There is one exit poll which no Indian election commissioner can ban. It is called word-of-mouth. This word does not come out of the mouth of politicians on the stump, or journalists on the fly. It emerges from those with feet firmly planted on the ground, voters, who have protected their treasured franchise with jealous secrecy till the day of decision, but now that it has been made are happy to discuss it at their familiar community focal points, the teashop, or perhaps over a warm fire on a cold evening that breathes some life into the night.

Novices, amateurs and outsiders [which means 90% of us] wait for a formal declaration of results. Professionals, that thin slice of activists entwined around the greasy electoral pole, know what has happened by sunset on voting day. Sincere party functionaries can get upset and vocal if the news is bad for their side; the grubby money-soakers simply slip away, laughing all the way to their cash holes. Candidates, understandably, are reluctant to accept the truth if the prognostication is negative. They have invested too much emotional capital in the process. It is best to keep your eyes shut for as long as possible when your dream has splintered.

The voters of phase 2 will know in 48 hours how parties and candidates have fared in the areas that polled in phase 1 — through the bus and train routes that are vehicles of word-of-mouth.

If the purpose behind the present ban on exit polls during the election process is to prevent the presumed result in one sub-region from influencing another a week down the line, then it does not work, particularly when polling is spread through a month in a province as large and complex as Uttar Pradesh. Voting begins this time in the north, in the arc below the Himalayas and north of the Ganga, and shifts, in stages, east and centre before completing the circle in the west. The voters of phase 2 will know in 48 hours how parties and candidates have fared in the areas that polled in phase 1 — through the bus and train routes that are vehicles of word-of-mouth.

How much does this influence voting patterns? There is certainly some collateral benefit for any party on the upswing. A sense of victory can be contagious. But equally it can energize those behind to put in an extra effort, while the frontrunners spend their time in premature self-congratulation. The classic instance was in 2004 when the Congress-led UPA crept up from behind in the third and fourth round of the general election to pip a dazed NDA by a short head. UPA capitalised brilliantly on good fortune; NDA is yet to recover. At a micro constituency level, when the middle class of Varanasi realised around noon on voting day in the 2009 elections that Murli Manohar Joshi was trailing behind a recognised mafia don, it woke up and went to the booth.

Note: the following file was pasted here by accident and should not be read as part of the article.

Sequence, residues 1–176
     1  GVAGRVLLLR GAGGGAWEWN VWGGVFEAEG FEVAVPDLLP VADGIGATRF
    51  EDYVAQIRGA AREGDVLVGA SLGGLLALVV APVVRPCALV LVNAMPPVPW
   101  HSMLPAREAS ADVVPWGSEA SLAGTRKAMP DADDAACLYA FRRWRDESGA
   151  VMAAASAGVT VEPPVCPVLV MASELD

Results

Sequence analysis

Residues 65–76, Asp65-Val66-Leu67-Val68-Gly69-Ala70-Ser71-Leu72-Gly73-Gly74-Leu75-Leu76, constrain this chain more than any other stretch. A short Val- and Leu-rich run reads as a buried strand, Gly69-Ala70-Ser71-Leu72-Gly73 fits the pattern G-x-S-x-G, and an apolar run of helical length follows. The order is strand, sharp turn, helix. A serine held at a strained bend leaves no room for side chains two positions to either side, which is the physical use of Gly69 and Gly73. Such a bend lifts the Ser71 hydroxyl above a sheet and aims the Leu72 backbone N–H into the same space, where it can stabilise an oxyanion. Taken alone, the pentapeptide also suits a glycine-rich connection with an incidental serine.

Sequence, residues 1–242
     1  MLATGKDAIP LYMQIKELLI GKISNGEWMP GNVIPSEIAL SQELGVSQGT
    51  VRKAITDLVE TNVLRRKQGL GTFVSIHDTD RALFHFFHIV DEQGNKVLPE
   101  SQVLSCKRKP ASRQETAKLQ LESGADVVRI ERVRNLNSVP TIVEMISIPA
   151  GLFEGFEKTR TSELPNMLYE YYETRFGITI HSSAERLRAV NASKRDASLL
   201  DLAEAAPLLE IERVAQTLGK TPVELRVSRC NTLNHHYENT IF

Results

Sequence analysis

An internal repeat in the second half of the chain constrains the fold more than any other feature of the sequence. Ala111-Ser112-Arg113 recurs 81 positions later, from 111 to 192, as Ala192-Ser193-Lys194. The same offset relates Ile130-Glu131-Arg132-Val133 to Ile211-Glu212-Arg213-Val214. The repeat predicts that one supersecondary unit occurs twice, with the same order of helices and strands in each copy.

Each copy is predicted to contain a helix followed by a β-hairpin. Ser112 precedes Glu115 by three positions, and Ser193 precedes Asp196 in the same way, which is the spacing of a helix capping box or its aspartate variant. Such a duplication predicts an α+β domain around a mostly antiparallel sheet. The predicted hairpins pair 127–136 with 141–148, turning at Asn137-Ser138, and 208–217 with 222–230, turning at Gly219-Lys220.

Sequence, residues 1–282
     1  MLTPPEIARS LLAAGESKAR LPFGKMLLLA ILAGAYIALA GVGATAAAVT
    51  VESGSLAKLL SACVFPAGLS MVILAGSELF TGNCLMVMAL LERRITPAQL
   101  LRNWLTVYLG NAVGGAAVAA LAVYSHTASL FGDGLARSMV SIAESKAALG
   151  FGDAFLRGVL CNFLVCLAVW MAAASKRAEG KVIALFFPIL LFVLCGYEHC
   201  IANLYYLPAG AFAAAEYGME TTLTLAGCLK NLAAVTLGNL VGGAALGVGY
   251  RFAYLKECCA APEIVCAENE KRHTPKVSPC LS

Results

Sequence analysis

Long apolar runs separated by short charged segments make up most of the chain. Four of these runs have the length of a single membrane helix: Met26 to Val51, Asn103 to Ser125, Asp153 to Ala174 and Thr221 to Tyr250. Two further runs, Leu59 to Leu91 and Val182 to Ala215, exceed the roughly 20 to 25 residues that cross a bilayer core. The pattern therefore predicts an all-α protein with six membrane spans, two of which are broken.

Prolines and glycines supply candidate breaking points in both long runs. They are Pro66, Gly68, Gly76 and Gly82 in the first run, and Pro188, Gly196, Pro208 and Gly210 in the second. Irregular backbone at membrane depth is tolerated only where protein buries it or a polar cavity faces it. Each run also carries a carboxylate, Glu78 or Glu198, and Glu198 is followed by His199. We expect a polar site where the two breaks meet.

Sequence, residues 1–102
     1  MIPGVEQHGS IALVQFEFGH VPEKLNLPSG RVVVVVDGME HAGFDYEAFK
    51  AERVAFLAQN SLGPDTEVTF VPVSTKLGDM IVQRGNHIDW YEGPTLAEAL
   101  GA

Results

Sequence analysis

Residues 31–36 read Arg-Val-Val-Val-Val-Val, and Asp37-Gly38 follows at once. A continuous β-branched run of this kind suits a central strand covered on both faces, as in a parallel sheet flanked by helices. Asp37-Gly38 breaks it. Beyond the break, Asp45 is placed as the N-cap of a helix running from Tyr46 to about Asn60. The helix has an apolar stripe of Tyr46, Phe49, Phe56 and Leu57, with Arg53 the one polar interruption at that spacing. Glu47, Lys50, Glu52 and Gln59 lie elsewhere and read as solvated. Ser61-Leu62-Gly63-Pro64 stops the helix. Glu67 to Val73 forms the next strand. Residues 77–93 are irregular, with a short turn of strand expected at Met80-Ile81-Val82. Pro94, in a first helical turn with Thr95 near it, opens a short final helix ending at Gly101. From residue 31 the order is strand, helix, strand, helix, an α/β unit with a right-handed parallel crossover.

Dropcap OnThe key to democracy is simple, but often misunderstood. Voters do not vote for parties; they vote for themselves. They select a party which is the closest approximation of their self-interest at that point of the political calendar. Voters have a mind of their own. Democracy gives them the right to change it. The primary instinct is personal, not partisan, which is why elections are such a vibrant and pulsating phenomenon. An election result is a flood that builds up one raindrop at a time.

The voter is driven by context. The UP or Punjab voter today does not really need an impressive judgement from the Supreme Court or a special trial court to conclude that the UPA government in Delhi is drenched in corruption. But he is voting for the next government in Chandigarh or Lucknow, not Delhi. He will take a call on Delhi when that opportunity comes. In January and February 2012 he has been asked to decide the fate of Parkash Singh Badal and Mayawati. Groups like Team Anna get it wrong when they campaign for a cause that is certainly vitally important but secondary, at this time, to the voter’s larger concerns. Surprisingly, fulltime politicians make the same mistake. How Rahul Gandhi does in UP will offer no substantive clue about how he will do when he, inevitably, leads the Congress at the national level. In that sense it does not matter, beyond media gurgling, whether he is triumphant on 6 March or mildly depressed. Wind back to 2004. The BJP swept the states some months before it lost the national elections. Being elected leader of India is quite a different matter from being a provincial champion. I doubt if Dr Manmohan Singh could get elected Chief Minister of Punjab, but he did get the mandate for PM in 2009. Apples and oranges may sit on the same stall, but they are quite different fruit.

Polls are a small part of elections; governments fell or remained when polls were part of the news narrative without qualifications. They are a touch of spice in a huge menu. The Election Commission is doing heroic work protecting the electoral diet from the many poisons we have injected, but it could restore some of the old flavour.


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